אתם נצבים היום כלכם לפני ד’ אלקיכם, ראשיכם שבטיכם זקניכם ושוטריכם כל איש ישראל
טפכם נשיכם וגרך אשר בשעריך מחטב עציך עד שואב מימיך
You stand today, all of you, before God, your Lord, the heads of your tribes, your elders, and your officers, the all of the men of Israel. Your small children, your women, your proselyte who is in the midst of your camp, from your woodcutter to your water-carrier
Prior to introducing the final covenant that he would administer between God and the Jewish people, Moshe takes note of the participation of the nation’s entire spectrum of characters. “The heads of your tribes, your elders, and your officers, the all of the men of Israel”, proclaims Moshe, “your small children, your women, your proselyte who is in the midst of your camp, from your woodcutter to your water-carrier” all stand before God to enter this Covenant today.
While the list is all-encompassing indeed, there is a peculiarity in how Moshe rounds out the attendance with the final words of “from your woodcutter to your water-carrier”. Inasmuch as Moshe seeks here to demonstrate the breadth of participation, wouldn’t it have been more appropriate to pick two occupation which lie at opposite ends of the societal spectrum? Why, question the commentators, would Moshe instead invoke two professions both similar only in unremarkability? (i.m.i.u)
The answer likely lies in Moshe’s first words: “You stand today, all of you”. In case that wasn’t clear enough, he reiterates moments later, “the all of the men of Israel”. It should be obvious that Moshe speaketh not of “all men”, but of “the all of man”. He seeks to squelch the notion that only an individual’s more spiritual properties are relevant to the pursuit of Godliness which lies at the foundation of our Covenant. No, says Moshe. The entirety of your personality, down to your plumbing prowess and foresting finesse, stands before God. Woodcutting and watercarrying lie indeed at two ends of a material spectrum whose entirety is just as vital to God’s masterplan as is piety, scholarship, and everything in between the two.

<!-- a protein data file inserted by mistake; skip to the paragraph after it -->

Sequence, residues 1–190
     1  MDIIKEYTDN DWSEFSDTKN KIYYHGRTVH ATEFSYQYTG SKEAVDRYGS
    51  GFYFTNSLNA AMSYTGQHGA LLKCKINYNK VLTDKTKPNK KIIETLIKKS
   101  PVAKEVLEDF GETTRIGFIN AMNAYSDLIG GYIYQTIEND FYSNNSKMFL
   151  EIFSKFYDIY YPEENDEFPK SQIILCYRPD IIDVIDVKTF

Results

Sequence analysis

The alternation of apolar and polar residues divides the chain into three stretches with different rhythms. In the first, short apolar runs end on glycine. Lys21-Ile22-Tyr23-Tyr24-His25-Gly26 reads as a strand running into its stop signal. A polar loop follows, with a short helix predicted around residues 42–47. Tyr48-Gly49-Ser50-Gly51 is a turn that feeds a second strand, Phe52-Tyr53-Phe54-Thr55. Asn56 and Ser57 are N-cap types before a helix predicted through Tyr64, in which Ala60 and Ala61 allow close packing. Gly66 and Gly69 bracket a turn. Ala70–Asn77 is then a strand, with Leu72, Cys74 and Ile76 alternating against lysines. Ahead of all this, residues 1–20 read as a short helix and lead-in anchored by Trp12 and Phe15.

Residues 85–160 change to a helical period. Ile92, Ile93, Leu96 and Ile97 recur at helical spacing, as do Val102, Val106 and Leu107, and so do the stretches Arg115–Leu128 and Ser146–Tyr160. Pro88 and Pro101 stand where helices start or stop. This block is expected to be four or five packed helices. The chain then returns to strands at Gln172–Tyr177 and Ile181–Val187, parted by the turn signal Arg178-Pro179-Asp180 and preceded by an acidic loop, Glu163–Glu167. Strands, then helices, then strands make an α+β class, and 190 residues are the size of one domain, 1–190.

The lesson is profound. Do not walk into God’s chamber with your greasy hands hiding behind your tuxedo. There is nothing to be ashamed of about what you do or who you are. What you need to fret over is how you do it or Who you do it for. God does not need a bunch of angels. In fact, He may very well need a mechanic for next year. Should we all come in to Rosh Hashana looking identical, spotless in our Yom Tov finery with our respective workclothes guiltily heaped in a pile hidden away right before the threshold of His chamber, God may be hard pressed to assign the missions of the world to a self-loathing workforce.
No. Come in. Stand tall. The whole of you. Say “God, this is who I am, this is what I can do, and I hereby offer my services to you”.
God does not give out unemployment. He does not believe in pork-barrel spending any more than He permits pork. It is therefore vitally important that we make ourselves useful, because otherwise, we may find Him simply unwilling to raise the death ceiling.